How to Cope After the Unexpected Loss of a Career

man sitting on slab holding pencil while looking on his right side

Ending a career without adequate preparation can be traumatic, especially if unexpected circumstances such as catastrophic illness terminate normal life patterns. It is particularly difficult when the affected person has little or no family. But there are ways to manage such significant changes.

Maintain Good Friendships and a Support Network

Too often, friends and former colleagues never consider the trauma frequently associated with career terminations. Like most workers in the community beehive, they go about their daily tasks. It is important to reach out to those who are close, even if only for support. It is also important to express thanks to the people that haven’t been forgotten, even if it is only the sending of a birthday or holiday greeting.

Pursue Hobbies and Interests Left “On-Hold” During Years of Work

It is important to remain lucid and as active as possible. Hobbies and special interests, depending upon financial abilities, can fill voids created by unexpected career termination. These include:

  • Gardening and other “outdoor” work
  • Read and writing
  • Keeping a journal
  • Modeling
  • Travel, even if only day trips
  • Learning new skills such as creative cooking
  • Taking classes at continuing education institutions like Community Colleges
  • Volunteering at community service projects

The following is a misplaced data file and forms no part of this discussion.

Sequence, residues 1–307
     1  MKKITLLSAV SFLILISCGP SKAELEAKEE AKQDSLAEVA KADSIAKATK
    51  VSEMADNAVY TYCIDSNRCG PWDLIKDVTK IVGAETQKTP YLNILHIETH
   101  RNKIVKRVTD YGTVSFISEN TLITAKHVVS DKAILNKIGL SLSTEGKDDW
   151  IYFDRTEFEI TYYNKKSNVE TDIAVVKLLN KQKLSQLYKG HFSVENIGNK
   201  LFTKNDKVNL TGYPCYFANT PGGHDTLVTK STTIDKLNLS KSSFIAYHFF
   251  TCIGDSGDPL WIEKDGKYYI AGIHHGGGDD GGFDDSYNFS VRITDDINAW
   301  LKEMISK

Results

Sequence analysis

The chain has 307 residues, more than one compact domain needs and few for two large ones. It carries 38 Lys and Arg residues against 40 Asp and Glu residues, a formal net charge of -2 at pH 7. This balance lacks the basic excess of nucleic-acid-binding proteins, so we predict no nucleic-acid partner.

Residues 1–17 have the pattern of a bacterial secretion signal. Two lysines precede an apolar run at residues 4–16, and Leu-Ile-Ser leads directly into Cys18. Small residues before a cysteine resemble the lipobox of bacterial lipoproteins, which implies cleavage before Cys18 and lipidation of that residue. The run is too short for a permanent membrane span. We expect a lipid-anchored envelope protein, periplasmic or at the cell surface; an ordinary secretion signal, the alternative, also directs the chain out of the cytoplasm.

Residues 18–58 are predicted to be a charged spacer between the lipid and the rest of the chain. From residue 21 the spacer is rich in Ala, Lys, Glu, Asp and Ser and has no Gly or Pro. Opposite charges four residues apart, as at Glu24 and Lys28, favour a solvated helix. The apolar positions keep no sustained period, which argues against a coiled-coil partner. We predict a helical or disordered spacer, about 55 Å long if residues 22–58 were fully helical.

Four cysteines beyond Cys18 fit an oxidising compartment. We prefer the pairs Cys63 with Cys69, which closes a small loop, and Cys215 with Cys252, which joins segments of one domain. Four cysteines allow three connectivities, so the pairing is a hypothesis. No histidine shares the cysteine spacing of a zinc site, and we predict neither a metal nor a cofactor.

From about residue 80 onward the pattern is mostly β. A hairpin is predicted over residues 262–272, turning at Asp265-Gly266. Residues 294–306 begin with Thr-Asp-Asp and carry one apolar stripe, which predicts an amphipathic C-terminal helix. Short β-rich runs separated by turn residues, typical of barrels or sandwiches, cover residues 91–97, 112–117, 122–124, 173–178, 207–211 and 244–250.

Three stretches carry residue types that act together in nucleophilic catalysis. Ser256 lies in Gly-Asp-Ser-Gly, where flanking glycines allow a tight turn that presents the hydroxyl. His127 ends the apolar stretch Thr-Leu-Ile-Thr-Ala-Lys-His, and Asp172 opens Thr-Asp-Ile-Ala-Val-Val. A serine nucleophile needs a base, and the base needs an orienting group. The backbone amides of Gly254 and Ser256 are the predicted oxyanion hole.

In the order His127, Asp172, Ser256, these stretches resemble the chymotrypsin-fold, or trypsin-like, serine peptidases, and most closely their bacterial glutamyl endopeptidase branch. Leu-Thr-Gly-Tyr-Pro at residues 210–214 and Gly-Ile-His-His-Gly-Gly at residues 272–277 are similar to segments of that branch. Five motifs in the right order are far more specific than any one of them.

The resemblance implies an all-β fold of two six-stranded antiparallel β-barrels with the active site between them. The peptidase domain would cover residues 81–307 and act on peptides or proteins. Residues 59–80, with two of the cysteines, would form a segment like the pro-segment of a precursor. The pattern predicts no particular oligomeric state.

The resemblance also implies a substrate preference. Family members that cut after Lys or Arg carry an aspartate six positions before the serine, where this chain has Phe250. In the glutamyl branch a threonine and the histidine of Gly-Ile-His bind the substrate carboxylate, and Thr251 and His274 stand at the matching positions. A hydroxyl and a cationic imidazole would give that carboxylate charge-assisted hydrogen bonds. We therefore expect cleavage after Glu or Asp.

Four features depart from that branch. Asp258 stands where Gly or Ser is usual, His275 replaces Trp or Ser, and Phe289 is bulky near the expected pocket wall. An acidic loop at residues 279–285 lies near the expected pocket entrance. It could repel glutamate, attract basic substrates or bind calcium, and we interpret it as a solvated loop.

• Tutoring students

Getting regularly comfortable in front of the television should be avoided at all costs. Establishing poor daily substitutes will hasten distress and, according to health care professionals, may affect recovery. Everyone, including the disabled, can contribute to their community.

Eat Properly and Maintain Adequate Sleep Patterns

Career terminations, especially due to unforeseen illnesses, can trigger depression that affects eating and sleeping. Because the “regular routine” has ceased to exist, there is a temptation to stay up later and sleep longer in the mornings. Frequently, those who suffer will turn to medications in order to maintain sleep.

Cleaning the House and Redecorating

Positive attitudes prevail when reminders of the past career are eliminated. This can be as simple as moving around furniture or replacing decorations. Some people move to new residences in anticipation of the next life phase, preferring not to be reminded of a lost career.

Do Not Grieve and Maintain an “Upbeat” Attitude

Grieving over a lost career affects every aspect of daily living: people lose the desire and motivation to accomplish the very basic tasks of everyday life. This can be as simple as not vacuuming a carpet. In most communities, “senior services” are part of on-going checks by local departments associated with Medicaid and Social Security-Disability benefits.

Life Changes One Day to the Next but Offers New Opportunities

Catastrophic illness can hit without any warning. Even a stroke or heart attack has the potential to end a career or significantly slow down the career track. Such changes, although traumatic, can be open doors to new opportunities. Motivation, strength of character, and a “reality check” based on a positive attitude will enable people to enter another phase of life successfully.

This writer went from teaching university classes as an adjunct to a two-week hospitalization followed by medical advice not to work again. Another hospitalization followed and there will be more to come. Although the initial temptation is to give in to depression, all of life’s phases must be viewed within the overall context of being a vibrant part of the community. Catastrophic life changes can be overcome when key variables that include a support network are maintained.

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